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On the Bookshelf

Notes Below the Staff By Herb Beattie ’48 with Lauren Arnest “Not many people can begin an anecdote like this: ‘Beverly Sills was sitting next to me on a flight from New York to Pittsburgh…’,” and so begins the forward by Dave Mason ’78 to Beattie’s memoir, published by Rhyolite Press, 2019. Beattie was one…

Issue: Spring 2020 • Tags:

What’s on Your Reading List, David Gardiner?

We asked Associate Professor of Religion David Gardiner “What’s on Your Reading List?” “I have long been interested in the overlapping domains of psychology, neuroscience, and religious studies. Michael Pollan’s latest book, ‘How to Change Your Mind,’ tells the fascinating story of research on the effects of LSD going back to the 1950s. Legal medical research was…

Issue: Spring 2020 • Tags:

What’s on Your Reading List, Neena Grover?

We asked Professor of Chemistry and Biochemistry Neena Grover “What’s on Your Reading List?” “What does it mean to be human? Three books that I read recently provided ample perspectives on our perceived similarities and differences. Rebecca Skloot’s ‘The Immortal Life of Henrietta Lacks’ highlights the role of ethics and race in medicine. What happens when we…

Issue: Winter 2019 • Tags:

On the Bookshelf

The Pacific Alone By Dave Shively ’03 In the summer of 1987 Ed Gillet achieved what no person has accomplished before or since, a solo crossing from California to Hawaii by kayak. Gillet, at the age of 36 an accomplished sailor and paddler, navigated by sextant. Still, Gillet underestimated the abuse his body would take…

Issue: Winter 2019 • Tags:

On the Bookshelf

100 Things to Do in Colorado Springs Before You Die By Kirsten Akens ’96 The breathtaking views of Colorado Springs from the summit of Pikes Peak inspired Katharine Lee Bates’ unforgettable anthem, “America the Beautiful.” The city embodies some of the best that the West has to offer, and any visit to the region will…

Issue: Summer 2019 • Tags:

What’s on Your Reading List, Tom Cronin and Bob Loevy?

This originally appeared in Colorado Politics on Nov. 30, 2018 Political novelists are our nation’s storytellers. They tackle the big questions inherent in the idea of America. They bring to life the tragedies of our history — slavery, Manifest Destiny, the Depression, “America First” isolationism, political corruption, political paranoia, as well as our exalted faith…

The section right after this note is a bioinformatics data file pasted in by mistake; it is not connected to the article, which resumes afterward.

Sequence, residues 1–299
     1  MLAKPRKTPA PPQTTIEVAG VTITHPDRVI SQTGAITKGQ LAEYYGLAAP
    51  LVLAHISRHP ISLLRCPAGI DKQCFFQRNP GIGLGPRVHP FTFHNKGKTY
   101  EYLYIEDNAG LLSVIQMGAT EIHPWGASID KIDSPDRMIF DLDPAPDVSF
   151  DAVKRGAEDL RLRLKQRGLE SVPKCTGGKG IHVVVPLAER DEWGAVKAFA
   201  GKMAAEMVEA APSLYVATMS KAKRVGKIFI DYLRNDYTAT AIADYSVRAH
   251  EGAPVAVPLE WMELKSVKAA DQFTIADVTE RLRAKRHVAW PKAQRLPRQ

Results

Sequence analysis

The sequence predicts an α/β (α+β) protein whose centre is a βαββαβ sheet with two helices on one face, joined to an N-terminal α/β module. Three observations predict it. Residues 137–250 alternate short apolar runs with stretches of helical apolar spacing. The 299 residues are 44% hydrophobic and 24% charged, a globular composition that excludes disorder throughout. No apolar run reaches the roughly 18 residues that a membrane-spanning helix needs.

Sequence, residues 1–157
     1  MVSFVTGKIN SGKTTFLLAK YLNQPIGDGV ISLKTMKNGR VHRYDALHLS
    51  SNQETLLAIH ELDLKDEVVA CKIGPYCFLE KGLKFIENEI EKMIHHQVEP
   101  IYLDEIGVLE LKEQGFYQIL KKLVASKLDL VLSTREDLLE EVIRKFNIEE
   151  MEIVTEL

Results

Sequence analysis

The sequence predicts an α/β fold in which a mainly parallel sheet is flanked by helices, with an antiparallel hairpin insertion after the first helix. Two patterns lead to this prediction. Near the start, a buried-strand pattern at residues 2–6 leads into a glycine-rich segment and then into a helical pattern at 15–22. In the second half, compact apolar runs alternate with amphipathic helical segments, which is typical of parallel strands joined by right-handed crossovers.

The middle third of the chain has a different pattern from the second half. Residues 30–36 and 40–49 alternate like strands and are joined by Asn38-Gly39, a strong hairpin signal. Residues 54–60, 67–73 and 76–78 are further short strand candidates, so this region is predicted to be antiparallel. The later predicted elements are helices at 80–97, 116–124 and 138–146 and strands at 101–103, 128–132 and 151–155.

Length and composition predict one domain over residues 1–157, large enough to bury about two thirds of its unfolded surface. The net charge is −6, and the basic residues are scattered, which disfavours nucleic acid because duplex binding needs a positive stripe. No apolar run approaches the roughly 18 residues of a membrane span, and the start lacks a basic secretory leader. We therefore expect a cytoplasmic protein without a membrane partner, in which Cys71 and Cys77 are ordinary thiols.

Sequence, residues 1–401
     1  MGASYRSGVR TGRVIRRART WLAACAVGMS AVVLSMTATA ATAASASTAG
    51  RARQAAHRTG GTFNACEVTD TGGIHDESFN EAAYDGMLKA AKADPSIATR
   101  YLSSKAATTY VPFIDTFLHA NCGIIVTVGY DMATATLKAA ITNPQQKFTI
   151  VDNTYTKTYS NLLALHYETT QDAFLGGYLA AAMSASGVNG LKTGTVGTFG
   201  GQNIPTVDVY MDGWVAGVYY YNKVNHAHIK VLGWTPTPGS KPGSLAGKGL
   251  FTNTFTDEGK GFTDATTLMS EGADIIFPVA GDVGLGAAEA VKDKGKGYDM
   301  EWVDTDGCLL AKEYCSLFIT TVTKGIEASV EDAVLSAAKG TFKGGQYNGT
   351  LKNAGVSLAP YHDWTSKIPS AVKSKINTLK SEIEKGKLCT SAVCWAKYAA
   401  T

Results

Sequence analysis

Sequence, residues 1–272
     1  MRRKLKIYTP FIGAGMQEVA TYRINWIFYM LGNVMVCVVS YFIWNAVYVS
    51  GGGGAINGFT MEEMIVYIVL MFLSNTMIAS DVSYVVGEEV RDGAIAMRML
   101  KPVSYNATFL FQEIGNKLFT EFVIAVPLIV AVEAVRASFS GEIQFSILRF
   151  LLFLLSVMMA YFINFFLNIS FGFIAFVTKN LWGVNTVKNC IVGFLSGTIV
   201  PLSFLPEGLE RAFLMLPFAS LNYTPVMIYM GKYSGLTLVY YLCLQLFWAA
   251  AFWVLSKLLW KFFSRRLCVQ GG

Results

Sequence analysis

Issue: Summer 2019 • Tags:

On the Bookshelf

The Journey Is the Goal By Jack Walker ’62 Walker chronicles his journey from child to man, a journey that started in Virginia’s Shenandoah Valley during the Great Depression and took him to Colorado, where for the first 10 years of his life he was raised by his maternal grandparents, with stop-offs with foster parents.…

Issue: Spring 2019 • Tags:

What’s on Your Reading List, Andrea Bruder?

We asked Department Chair and Associate Professor of Mathematics Andrea Bruder What’s on Your Reading List? “‘Power in Numbers: The Rebel Women of Mathematics’ by Talithia Williams features biographies of 30 female mathematicians, spanning 300 years of history. Williams showcases each woman’s accomplishments and tells their stories of overcoming significant obstacles in order to be…

Issue: Spring 2019 • Tags:

What’s on Your Reading List, Ofer Ben-Amots?

“I hardly ever read one book at a time. I usually have a stack of books on my nightstand, some in preparation for a course and others for fun. Currently I am reading two books: ‘Aboriginal Music: Cross-Cultural Experiences from South Australia’ by Catherine J. Ellis, and, because linguistics and etymology are a serious hobby…

Issue: Winter 2018 • Tags: ,

On the Bookshelf

Brooklyn’s Sweet Ruin By Paul Raphaelson ’90 Brooklyn’s Domino Sugar Refinery, once the largest in the world, shut down in 2004 after a long struggle. Most New Yorkers know it only as an icon on the landscape, multiplied on T-shirts and skateboard graphics. Raphaelson, known internationally for his formally intricate urban landscape photographs, was given…

Issue: Winter 2018 • Tags:
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